Renault will also be appearing at The Big Feastival from 25-27 August, and London Design Festival from 16-24 September. Both events will give customers a chance to see the brand operate away from a traditional motorsport environment, and Waller says that it's important for guests to Renault's stand at both events to explore the brand at their own pace. 

"It’s important for us to allow people to see the Renault product outside the standard motor show, and outside of a Renault dealership. It really helps to place the product in people’s minds, and allows them to experience it at their own leisure if they’re around for the whole of the duration of the festivals. They can create their own timescale to immerse themselves in the brand in a manner that suits them."

An eye for design

London Design Festival, taking place later this year, provides an opportunity for the brand to showcase its innovative design, and for festival attendees to engage with the brand's techniques and ideas for the future. Renault has formed a partnership with Central Saint Martins, which will be brought to life at the Design Festival and will encourage the art school's students to design cars and modes of transport for the future. Not only will the event be a step forward for the brand's experiential outlook, but it's a key moment to showcase how Renault intends to keep its audience engaged.

Waller explains: "In terms of experiential, we’ll have already engaged with the students before the event, they’ll be an active part of the event when it takes place at the festival, and we’ll make sure to keep in touch with them afterwards."

Taking on the challenge

As Renault moves further into the experiential space, a number of challenges have arisen.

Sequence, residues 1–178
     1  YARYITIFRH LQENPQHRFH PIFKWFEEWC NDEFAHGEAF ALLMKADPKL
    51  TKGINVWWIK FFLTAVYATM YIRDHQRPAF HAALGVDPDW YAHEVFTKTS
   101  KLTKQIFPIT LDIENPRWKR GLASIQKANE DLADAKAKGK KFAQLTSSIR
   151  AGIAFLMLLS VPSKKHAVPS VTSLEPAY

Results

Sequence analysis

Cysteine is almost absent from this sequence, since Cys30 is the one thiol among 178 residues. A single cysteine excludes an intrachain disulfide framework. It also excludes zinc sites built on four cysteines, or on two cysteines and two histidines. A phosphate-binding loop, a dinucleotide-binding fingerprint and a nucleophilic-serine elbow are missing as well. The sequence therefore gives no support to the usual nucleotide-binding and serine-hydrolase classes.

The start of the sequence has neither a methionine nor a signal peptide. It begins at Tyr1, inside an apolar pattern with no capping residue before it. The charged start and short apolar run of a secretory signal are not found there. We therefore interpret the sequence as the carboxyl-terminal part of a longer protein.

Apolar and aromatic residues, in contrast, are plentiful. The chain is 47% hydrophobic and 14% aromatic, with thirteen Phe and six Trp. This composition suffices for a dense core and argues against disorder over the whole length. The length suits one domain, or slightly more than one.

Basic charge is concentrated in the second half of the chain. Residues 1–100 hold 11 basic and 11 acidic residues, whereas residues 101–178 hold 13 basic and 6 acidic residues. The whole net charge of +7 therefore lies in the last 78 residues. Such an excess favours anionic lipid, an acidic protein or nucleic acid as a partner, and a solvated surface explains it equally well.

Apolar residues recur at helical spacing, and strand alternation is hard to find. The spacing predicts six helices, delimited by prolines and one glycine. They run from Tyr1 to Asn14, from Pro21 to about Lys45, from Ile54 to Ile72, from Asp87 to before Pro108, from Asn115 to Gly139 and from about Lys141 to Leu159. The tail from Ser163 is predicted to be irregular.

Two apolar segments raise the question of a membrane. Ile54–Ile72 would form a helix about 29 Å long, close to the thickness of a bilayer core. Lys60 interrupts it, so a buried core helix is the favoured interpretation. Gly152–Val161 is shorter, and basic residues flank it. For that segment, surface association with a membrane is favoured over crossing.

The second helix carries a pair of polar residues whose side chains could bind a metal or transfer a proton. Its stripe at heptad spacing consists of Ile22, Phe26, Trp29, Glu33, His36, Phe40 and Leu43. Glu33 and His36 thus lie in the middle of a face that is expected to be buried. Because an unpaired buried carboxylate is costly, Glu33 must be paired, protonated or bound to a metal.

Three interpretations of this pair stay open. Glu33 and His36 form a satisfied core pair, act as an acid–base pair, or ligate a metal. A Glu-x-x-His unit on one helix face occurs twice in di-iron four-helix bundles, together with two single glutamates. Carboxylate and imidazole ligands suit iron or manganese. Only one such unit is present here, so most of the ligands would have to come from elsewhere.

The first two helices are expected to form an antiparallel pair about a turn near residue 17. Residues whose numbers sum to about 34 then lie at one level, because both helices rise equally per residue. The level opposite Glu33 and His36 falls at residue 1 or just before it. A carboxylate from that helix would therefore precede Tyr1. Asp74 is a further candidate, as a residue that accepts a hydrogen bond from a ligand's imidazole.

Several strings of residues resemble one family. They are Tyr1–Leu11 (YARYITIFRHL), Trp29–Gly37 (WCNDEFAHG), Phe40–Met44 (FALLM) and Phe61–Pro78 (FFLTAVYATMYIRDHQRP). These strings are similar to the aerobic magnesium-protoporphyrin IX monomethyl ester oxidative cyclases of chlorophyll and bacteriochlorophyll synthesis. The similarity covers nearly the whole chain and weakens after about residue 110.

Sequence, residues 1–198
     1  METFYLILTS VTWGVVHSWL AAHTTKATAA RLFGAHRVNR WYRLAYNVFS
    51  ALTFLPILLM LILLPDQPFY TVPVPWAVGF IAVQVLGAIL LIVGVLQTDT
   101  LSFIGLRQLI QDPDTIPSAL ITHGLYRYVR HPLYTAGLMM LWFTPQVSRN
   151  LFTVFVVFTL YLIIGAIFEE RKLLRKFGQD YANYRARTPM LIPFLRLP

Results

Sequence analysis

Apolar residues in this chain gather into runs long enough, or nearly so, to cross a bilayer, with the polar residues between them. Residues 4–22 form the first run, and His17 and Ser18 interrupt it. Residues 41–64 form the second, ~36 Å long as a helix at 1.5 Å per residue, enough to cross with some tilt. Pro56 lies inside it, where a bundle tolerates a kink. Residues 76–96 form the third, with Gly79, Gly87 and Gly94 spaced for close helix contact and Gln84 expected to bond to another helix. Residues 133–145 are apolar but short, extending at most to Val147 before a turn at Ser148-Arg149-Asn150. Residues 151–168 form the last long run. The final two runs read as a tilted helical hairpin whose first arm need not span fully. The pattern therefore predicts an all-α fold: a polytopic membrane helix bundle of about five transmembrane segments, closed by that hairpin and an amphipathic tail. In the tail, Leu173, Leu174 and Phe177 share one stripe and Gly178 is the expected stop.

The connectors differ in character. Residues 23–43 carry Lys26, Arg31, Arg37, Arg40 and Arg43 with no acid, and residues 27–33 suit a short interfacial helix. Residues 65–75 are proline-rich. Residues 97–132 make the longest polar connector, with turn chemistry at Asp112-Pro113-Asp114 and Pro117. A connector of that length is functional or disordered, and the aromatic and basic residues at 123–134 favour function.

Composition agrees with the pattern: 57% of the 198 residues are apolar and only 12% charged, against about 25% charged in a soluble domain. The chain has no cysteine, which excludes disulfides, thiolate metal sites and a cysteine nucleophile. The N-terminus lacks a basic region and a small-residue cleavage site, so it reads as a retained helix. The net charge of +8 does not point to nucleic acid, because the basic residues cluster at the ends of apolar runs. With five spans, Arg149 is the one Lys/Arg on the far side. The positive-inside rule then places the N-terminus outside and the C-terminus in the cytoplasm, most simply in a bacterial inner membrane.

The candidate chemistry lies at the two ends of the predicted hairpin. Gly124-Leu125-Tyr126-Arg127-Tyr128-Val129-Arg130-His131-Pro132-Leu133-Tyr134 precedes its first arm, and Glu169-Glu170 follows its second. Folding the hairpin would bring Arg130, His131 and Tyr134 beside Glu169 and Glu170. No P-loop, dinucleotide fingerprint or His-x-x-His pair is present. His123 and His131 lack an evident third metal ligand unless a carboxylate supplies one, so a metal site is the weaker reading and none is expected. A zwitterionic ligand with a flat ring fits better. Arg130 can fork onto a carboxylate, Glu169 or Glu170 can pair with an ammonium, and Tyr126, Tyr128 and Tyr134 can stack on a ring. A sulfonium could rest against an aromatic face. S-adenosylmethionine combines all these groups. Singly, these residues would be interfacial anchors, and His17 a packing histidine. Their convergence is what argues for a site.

"The challenges vary depending on whether the experiential event is taking place within the automotive industry, or outside it. Non-motor events such as The Big Feastival or London Design Festival, you’re not having to compete against other motor manufacturers; instead the challenge at those events is making the brand’s presence as engaging as possible for that audience," says Waller. 

The experience the brand is creating at London Design Festival will revolve around the Trezor model –Renault's latest concept car. The elements of futuristic innovation and creativity should appeal to the design students and design-orientated audience that will most likely attend the festival. For The Big Feastival, Renault's experience will revolve around its Crossover range, which Waller believes will be relevant for the guests over the weekend.

However, events such as Goodwood Festival of Speed present a different kind of challenge – a challenge which is mainly focused on the idea of standing out in an environment saturated with other automtive brands.

"Goodwood Festival is a totally different challenge because it’s a motor industry event and it’s likely that other automotive companies are attempting similar things to engage the audience. The challenge is to really stand out and to make the presence more desirable and engaging for those attending the event."

More: Behind the brand - Wahaca on experiential